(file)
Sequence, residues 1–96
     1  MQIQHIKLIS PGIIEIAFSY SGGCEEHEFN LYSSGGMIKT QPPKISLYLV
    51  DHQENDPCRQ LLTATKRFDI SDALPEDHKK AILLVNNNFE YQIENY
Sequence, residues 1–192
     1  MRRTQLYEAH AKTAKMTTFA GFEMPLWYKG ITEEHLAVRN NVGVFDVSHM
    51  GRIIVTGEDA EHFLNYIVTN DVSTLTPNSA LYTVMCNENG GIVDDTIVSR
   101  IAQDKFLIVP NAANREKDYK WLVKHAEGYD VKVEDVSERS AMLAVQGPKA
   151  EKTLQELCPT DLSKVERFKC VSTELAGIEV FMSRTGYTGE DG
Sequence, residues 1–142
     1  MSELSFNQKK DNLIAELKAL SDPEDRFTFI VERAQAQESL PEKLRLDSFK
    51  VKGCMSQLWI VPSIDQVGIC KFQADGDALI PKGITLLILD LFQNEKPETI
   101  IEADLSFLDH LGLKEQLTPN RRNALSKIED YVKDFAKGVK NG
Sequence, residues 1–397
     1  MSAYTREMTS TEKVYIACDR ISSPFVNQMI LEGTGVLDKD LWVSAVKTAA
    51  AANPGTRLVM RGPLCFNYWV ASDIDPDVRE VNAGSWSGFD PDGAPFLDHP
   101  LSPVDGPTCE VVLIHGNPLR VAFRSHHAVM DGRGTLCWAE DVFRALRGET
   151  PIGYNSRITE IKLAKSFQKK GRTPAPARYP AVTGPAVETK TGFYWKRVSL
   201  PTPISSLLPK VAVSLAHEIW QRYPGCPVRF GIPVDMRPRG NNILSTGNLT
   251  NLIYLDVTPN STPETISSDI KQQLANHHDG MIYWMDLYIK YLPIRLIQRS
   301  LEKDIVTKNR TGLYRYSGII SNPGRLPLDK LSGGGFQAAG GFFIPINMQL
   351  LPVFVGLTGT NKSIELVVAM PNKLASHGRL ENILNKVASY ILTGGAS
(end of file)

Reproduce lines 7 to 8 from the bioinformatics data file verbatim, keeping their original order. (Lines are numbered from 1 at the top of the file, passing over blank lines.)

   101  IAQDKFLIVP NAANREKDYK WLVKHAEGYD VKVEDVSERS AMLAVQGPKA
   151  EKTLQELCPT DLSKVERFKC VSTELAGIEV FMSRTGYTGE DG